Markets Drop Further in June
Economy, Business And Markets

Markets Drop Further in June

Stock markets remained stable as volatility subsided in the last week of June, as Iran’s isolation shielded it from the global turmoil that rocked markets after British voters decided to leave the European Union.
June was terrible for stocks on both Tehran Stock Exchange and Iran Fara Bourse. The larger TSE lost 2144 points or 2.8% while the smaller IFB shed 44 points or 5.3%.
The TSE, which has been falling for the past quarter, clawed back some of its losses. Its main index, TEDPIX, climbed for the second week after four weeks of back-to-back losses.
The announcement of a united move among large banks to cut deposit rates by 200 basis points to 16% bought stocks a much-needed respite from decline.
Shares on TSE took small hits on Saturday and Sunday before a 447-point jump to a 2-1/2 week high on June 28. However, the gains were not to stay. After Tuesday’s rally, stocks took a 0.34% hit on Wednesday, closing the week 0.36% higher.
Metal producers and automakers were the leading gainers of the week’s trade, followed closely by paper producers.
Trade volume picked up as the week progressed, almost doubling to 1.3 billion shares on Wednesday. Nine trillion rials (about $255 million at current market exchange rate) worth of shares changed hands on the market, up 8.4% for the week, according to TSE’s data.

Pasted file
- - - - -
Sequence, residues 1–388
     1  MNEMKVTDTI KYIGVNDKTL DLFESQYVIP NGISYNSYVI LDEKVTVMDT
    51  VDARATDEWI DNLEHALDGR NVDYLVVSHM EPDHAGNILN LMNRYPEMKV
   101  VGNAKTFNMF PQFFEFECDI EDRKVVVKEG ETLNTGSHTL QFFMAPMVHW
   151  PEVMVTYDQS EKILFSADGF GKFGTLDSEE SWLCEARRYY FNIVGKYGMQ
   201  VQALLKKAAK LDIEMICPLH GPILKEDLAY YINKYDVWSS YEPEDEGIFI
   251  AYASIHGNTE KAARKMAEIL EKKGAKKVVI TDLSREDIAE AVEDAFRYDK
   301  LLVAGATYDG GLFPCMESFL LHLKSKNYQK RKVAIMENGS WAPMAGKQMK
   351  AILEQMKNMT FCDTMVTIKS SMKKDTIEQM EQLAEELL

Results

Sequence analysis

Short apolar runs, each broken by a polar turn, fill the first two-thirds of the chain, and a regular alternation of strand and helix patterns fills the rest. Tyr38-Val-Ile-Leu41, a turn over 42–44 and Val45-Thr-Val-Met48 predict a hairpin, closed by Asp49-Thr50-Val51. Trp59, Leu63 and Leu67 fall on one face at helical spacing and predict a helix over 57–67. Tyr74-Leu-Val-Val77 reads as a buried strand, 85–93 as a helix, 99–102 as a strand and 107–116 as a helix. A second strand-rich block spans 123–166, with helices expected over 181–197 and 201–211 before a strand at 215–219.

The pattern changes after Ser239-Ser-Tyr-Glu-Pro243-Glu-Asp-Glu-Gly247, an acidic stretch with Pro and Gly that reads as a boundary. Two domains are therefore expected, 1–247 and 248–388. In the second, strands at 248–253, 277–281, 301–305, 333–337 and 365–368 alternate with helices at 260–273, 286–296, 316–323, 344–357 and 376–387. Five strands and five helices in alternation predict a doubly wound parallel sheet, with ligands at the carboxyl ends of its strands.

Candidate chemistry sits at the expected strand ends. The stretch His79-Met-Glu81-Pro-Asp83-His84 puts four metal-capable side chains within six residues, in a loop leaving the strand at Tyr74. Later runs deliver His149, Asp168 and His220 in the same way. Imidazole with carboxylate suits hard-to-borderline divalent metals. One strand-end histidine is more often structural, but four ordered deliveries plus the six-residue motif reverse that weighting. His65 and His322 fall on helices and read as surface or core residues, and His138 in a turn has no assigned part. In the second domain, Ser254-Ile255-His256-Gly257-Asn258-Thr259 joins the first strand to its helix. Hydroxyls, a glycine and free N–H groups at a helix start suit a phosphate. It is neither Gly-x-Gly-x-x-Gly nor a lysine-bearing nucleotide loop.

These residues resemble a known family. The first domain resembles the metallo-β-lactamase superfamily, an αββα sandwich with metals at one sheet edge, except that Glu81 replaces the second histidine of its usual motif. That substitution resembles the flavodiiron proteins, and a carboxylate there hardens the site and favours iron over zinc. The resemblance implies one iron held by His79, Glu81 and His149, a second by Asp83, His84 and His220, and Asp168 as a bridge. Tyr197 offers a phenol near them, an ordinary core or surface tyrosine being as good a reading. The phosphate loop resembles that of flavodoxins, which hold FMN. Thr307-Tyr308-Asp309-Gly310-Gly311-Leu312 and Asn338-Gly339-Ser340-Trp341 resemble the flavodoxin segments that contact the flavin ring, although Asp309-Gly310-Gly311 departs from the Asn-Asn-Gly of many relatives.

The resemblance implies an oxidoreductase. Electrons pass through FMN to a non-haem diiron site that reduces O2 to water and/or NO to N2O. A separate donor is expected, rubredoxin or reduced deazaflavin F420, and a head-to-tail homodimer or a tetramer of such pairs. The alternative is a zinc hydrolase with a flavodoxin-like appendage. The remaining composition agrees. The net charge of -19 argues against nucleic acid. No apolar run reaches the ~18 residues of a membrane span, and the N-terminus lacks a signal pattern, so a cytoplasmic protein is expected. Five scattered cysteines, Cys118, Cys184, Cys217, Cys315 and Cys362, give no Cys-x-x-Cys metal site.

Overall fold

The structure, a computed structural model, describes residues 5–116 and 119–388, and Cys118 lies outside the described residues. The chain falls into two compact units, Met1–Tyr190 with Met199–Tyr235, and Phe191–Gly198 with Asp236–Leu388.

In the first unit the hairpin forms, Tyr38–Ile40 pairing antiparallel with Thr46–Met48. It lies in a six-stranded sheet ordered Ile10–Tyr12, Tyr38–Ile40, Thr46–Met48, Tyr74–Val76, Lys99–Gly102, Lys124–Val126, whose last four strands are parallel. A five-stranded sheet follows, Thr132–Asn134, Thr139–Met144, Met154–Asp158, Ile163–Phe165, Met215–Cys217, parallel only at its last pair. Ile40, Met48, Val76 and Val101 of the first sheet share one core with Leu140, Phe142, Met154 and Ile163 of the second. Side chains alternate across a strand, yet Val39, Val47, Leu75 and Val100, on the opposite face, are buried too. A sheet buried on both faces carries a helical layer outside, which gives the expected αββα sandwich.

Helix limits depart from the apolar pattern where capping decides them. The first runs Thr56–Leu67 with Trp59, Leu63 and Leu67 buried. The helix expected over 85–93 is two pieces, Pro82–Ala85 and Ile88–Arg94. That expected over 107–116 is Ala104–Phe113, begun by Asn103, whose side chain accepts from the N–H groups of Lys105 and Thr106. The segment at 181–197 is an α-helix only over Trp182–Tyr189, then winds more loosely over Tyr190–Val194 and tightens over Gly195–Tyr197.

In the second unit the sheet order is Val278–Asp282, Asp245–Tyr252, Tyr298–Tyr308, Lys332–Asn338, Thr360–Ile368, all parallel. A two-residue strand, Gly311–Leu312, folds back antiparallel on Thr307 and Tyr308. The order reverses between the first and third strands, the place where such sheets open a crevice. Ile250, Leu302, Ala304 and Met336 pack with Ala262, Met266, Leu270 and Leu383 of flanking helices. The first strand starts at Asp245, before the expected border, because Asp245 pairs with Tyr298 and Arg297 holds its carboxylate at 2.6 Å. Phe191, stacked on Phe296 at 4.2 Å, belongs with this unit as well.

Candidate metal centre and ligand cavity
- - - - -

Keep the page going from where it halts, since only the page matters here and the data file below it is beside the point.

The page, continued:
Stocks edged lower on IFB for the week. The market’s benchmark, IFX, opened seven points lower on Saturday but climbed 1% till Tuesday. Wednesday’s rout wiped all that gain and more. IFX ended the week at 775.87 points down 0.2% and wiped 10 trillion rials ($283 million) off the market.
Trade volume dipped from 1.45 trillion rials at the start of the week to 660 billion rials on Wednesday, contrary to the pickup in trading at TSE. Bond and exchange-traded funds trading on the exchange also took a hit, plunging 42% and 46% respectively compared with the prior week.
With the hype of sanctions relief fading, the poor financial condition of companies has traders on a rope these days. Corporate earnings outlooks are poor and there is little cause to think they may recover anytime soon.
Few companies have healthy cash flows. A crunch in bank lending and low consumer spending is putting companies out of business.
There is also disappointment over the outcome of the nuclear deal signed last July that saw the lifting of sanctions against Tehran’s nuclear program. Iran is having trouble turning its many memorandums of understanding into binding contracts and business investment.
The shady dealings of quasi-state organizations have scarred potential investors who fear unknowingly breaking non-nuclear sanctions may bring upon punitive measures.

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